Catholic teaching opposes the use of the death penalty because it disregards the sanctity of life and promotes revenge as a principle of justice. In his 1999 address in St. Louis, Pope John Paul II called for a consensus to “end the death penalty, which is both cruel and unnecessary.”

It has been the tradition of the Catholic Bishops of Missouri to join with other religious leaders to submit a clemency application to the Governor of Missouri for any individual with an execution date. This petition voices concerns about the case and asks the governor to grant mercy to the individual.

As Catholic citizens you too can add your voice with the bishops and call on Governor Nixon to grant mercy to Roderick Nunley and stop his execution.

I have to say, when I came across this declaration I was more than a little disappointed and frustrated by the inadequate flushing out of the Church's entire teaching on the subject, as explained in the Catechism of the Catholic Church. In other words, the statement appearing in bold that proclaims "Catholic teaching opposes use of the death penalty" is simply incomplete and, dare I say, flat out wrong. My principal bone of contention with this formulation is that it could lead to confusion or a blurring of the lines among sincere Catholics regarding other issues that carry far greater moral weight, as with abortion, for instance. The dangerous "seamless garment" theory often seeps in when discussing the death penalty and abortion in the public forum. I remember someone once telling me that he found it hypocritical for George Bush to describe himself as pro-life when he favors the death penalty. This is, of course, ridiculous, but I was not surprised by it, since woefully inadequate statements like the one quoted above have only encouraged this kind of slapdash thinking, in my opinion.

The website statement also declares that capital punishment "promotes revenge as a principal of justice." I strongly disagree. Some may view it this way, but that is not the position stated in the Church's own Catechism.

I came across the following commentary by Father John A. Hardon S.J. on the matter:
...To return to the original question, "What is the Church's teaching on capital punishment?" the best answer is found in the Catechism of the Catholic Church. "Preserving the common good of society," we are told, "requires rendering the aggressor unable to inflict harm. For this reason the traditional teaching of the Church has acknowledged as well-founded the right and duty of legitimate public authority to punish malefactors by means of penalties commensurate with the gravity of the crime, not excluding in cases of extreme gravity, the death penalty" (no.2266). -Fr. John A. Hardon S.J., from "The Catholic Faith" magazine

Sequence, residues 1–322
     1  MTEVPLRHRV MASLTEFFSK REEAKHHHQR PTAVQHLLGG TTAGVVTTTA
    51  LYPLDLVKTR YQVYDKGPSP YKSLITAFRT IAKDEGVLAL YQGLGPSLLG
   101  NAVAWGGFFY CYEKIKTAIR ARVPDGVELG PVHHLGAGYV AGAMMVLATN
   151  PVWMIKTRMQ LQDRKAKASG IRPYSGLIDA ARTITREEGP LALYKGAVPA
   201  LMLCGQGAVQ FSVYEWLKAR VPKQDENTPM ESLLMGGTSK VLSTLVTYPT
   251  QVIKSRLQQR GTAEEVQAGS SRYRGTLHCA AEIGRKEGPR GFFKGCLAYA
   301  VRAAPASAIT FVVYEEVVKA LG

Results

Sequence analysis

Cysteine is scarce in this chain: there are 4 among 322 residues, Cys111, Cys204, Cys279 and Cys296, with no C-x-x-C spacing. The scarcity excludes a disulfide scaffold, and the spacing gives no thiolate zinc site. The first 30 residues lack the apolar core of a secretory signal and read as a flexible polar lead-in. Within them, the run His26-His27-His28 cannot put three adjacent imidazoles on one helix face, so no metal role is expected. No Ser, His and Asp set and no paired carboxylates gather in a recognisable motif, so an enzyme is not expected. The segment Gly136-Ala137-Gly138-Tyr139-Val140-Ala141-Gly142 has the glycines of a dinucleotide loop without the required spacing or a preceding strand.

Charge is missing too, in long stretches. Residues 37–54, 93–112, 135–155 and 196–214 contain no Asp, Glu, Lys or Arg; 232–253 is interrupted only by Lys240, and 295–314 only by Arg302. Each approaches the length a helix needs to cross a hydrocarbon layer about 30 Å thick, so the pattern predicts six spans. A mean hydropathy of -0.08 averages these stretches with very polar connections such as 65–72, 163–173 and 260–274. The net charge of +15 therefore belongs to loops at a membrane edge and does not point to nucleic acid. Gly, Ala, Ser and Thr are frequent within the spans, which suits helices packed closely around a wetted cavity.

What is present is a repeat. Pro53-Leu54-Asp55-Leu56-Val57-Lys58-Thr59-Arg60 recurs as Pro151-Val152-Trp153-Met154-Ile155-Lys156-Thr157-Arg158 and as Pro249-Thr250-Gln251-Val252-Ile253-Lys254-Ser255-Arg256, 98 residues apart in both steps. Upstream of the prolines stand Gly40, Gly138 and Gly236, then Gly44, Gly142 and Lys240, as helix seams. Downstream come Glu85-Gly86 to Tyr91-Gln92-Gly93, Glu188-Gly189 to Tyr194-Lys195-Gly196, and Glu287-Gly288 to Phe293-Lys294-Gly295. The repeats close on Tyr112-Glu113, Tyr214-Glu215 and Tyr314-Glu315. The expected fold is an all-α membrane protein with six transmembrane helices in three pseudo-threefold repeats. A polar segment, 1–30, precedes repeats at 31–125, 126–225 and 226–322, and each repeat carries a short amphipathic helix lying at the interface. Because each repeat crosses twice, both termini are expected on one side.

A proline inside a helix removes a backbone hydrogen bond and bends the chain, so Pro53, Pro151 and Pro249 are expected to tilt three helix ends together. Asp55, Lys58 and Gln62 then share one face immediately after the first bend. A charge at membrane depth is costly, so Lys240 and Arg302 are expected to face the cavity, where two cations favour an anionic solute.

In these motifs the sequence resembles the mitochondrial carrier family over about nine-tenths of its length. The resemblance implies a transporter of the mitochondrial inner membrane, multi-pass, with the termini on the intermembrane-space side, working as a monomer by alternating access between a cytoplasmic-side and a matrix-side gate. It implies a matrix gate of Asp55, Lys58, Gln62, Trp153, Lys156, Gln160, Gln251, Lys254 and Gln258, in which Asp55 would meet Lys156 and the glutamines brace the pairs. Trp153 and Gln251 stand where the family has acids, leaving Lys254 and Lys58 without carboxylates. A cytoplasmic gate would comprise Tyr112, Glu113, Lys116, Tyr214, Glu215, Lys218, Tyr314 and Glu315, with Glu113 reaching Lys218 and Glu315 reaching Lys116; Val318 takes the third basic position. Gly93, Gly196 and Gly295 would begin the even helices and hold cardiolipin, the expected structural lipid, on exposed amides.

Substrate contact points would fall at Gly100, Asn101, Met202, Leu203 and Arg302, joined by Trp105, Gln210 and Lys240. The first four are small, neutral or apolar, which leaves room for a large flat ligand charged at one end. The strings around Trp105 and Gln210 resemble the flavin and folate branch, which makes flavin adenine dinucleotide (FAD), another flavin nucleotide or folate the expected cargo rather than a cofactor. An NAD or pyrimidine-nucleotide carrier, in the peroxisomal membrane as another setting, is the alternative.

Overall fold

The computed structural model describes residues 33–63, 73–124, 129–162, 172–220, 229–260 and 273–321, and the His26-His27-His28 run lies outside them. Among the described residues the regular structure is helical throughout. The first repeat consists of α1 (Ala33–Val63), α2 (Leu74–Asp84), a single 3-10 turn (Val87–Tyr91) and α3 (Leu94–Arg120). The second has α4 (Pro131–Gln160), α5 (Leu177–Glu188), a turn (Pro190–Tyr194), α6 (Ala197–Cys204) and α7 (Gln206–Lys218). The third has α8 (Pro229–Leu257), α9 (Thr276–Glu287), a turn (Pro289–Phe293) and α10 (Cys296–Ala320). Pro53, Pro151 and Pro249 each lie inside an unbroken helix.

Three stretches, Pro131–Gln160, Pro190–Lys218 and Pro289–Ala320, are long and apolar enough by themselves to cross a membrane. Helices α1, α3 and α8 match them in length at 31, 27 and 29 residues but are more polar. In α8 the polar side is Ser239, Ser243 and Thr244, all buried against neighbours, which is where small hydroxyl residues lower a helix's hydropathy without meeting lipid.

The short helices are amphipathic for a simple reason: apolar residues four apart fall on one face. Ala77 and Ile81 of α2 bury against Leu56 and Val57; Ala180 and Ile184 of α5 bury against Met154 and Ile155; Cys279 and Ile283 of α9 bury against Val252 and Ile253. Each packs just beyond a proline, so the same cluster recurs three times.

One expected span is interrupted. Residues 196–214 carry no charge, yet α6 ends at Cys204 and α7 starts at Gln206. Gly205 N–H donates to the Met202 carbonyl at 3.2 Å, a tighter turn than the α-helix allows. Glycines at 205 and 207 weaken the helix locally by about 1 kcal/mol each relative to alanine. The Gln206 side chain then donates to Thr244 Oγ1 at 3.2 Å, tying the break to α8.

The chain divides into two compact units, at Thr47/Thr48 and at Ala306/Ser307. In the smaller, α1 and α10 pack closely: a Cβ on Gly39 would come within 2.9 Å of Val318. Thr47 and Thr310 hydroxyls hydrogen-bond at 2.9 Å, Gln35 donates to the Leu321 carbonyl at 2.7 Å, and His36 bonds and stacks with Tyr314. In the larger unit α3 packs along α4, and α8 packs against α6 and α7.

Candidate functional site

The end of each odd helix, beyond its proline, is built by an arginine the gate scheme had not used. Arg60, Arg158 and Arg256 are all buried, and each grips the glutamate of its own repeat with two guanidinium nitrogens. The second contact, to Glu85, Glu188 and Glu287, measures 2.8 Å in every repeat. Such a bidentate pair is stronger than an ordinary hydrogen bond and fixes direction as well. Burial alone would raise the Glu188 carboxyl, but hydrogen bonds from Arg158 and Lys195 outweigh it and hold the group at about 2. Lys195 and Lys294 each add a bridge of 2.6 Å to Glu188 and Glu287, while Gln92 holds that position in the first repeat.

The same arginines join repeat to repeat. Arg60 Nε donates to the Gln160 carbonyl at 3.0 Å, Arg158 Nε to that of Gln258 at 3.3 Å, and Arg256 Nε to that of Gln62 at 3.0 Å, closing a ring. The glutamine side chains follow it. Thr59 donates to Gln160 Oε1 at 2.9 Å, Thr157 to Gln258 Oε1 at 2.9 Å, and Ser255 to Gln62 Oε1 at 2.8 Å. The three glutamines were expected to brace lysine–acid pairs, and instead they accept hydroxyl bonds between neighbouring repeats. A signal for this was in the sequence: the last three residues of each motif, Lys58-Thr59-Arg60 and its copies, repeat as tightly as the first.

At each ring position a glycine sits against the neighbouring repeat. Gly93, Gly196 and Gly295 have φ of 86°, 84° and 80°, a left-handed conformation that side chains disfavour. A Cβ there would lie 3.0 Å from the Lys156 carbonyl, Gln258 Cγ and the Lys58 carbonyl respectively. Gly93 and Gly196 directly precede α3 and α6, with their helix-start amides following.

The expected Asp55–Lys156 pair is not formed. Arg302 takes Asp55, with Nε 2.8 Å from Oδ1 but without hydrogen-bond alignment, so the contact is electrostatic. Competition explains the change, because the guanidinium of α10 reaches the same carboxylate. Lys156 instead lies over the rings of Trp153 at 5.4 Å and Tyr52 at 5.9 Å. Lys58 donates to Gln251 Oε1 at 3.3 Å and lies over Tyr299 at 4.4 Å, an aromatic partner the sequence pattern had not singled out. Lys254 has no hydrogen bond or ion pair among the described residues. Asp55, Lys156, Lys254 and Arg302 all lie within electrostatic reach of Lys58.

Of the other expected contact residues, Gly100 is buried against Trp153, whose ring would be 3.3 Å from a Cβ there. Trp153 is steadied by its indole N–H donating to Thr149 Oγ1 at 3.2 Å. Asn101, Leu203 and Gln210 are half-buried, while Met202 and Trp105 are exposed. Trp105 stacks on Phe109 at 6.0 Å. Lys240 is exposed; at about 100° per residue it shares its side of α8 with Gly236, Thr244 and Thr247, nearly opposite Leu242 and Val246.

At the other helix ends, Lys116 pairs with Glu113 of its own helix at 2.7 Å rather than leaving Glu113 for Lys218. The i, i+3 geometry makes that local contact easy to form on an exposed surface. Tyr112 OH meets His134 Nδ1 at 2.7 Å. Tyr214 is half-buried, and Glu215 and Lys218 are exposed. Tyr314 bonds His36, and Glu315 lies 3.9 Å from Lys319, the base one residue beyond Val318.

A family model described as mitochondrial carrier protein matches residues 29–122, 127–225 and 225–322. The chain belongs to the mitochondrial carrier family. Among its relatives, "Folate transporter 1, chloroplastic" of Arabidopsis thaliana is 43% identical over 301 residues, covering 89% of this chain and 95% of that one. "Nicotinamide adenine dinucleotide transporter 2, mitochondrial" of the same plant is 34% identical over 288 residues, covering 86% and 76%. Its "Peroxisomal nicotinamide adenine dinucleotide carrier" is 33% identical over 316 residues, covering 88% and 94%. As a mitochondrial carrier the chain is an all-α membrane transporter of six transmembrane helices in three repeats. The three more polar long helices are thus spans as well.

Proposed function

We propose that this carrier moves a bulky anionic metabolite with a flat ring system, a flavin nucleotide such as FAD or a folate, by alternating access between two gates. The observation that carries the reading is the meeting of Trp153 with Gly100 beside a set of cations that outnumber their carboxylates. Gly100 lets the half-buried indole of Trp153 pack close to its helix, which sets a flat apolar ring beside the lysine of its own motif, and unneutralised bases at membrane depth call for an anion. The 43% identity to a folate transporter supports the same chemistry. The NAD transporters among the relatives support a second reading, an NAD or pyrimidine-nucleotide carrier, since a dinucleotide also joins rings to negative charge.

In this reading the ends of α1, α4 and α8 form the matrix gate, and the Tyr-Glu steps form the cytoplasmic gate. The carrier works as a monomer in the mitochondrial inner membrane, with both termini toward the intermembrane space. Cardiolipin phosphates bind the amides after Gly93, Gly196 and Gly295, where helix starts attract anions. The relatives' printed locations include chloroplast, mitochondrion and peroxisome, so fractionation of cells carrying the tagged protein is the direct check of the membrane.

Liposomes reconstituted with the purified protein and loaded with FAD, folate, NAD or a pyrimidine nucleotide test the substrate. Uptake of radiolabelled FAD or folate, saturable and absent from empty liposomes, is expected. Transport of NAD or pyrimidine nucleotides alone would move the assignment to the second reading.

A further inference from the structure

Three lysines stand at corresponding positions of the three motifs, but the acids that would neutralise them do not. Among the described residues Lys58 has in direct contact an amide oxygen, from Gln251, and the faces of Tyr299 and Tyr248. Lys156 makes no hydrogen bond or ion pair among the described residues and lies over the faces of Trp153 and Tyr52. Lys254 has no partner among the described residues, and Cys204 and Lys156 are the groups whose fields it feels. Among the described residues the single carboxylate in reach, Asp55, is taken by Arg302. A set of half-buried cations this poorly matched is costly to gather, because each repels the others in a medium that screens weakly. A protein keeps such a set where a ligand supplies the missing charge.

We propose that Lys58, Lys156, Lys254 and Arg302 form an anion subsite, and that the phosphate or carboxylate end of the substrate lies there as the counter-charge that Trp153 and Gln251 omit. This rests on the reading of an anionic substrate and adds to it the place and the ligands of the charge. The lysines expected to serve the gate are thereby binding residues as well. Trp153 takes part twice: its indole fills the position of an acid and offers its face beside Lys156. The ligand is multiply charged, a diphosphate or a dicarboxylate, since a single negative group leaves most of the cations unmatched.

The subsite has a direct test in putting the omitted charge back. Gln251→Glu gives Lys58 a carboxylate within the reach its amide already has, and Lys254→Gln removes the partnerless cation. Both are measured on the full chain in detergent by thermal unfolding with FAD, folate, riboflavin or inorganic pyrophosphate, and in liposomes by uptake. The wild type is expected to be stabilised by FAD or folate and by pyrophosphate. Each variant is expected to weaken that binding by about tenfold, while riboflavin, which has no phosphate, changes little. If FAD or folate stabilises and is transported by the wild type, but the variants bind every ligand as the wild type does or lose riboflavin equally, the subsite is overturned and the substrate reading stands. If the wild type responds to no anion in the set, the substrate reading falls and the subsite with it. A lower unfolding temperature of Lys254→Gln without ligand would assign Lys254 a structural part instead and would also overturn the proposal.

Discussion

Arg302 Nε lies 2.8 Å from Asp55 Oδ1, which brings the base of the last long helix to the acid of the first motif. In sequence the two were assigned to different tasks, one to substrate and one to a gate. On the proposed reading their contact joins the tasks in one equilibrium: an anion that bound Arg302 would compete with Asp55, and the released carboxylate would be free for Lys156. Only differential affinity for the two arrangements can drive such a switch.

I added the emphases to contrast Hardon's thoughtful reply (which simply relies on the Catechism) with the simplistic, broad stroke talking points found on the website for the Archdiocese of Saint Louis. The question of the death penalty is a very serious one and deserves serious treatment. (By "talking points" I am not referring to the words of JPII, but rather the narrow and frankly incorrect assertion that "Catholic teaching opposes use of the death penalty.")

Also the implication here is that by supporting the death penalty one is committing some kind of disobedience as regards Church teaching, and should therefore repent. I find this offensive. Capital punishment, and it's moral implications, is not an issue that can be held up, mutatis mutandis, to abortion. The latter is intrinsically evil, the former is not. Then-Cardinal Ratzinger said as much in the following excerpt from a 2004 letter:
Not all moral issues have the same moral weight as abortion and euthanasia. For example, if a Catholic were to be at odds with the Holy Father on the application of capital punishment or on the decision to wage war, he would not for that reason be considered unworthy to present himself to receive Holy Communion. While the Church exhorts civil authorities to seek peace, not war, and to exercise discretion and mercy in imposing punishment on criminals, it may still be permissible to take up arms to repel an aggressor or to have recourse to capital punishment. There may be a legitimate diversity of opinion even among Catholics about waging war and applying the death penalty, but not however with regard to abortion and euthanasia.

It would be mighty refreshing to see this sort of serious, thoughtful explanation of the Church's real teaching mirrored on diocesan websites in America.

Yes, Another Poll...

From The Associated Press:
The Obamamania that gripped college campuses two years ago is gone.

An Associated Press-mtvU poll found college students cooling in their support for President Barack Obama, a fresh sign of trouble for Democrats struggling to rekindle enthusiasm among many of these newest voters for the crucial midterm elections in three weeks.

Forty-four percent of students approve of the job Obama is doing as president, while 27 percent are unhappy with his stewardship, according to the survey conducted late last month. That's a significant drop from the 60 percent who gave the president high marks in a May 2009 poll. Only 15 percent had a negative opinion back then.

The President's Ego Problem

Writing for National Review Online, Jonah Goldberg hits all the right notes, once again.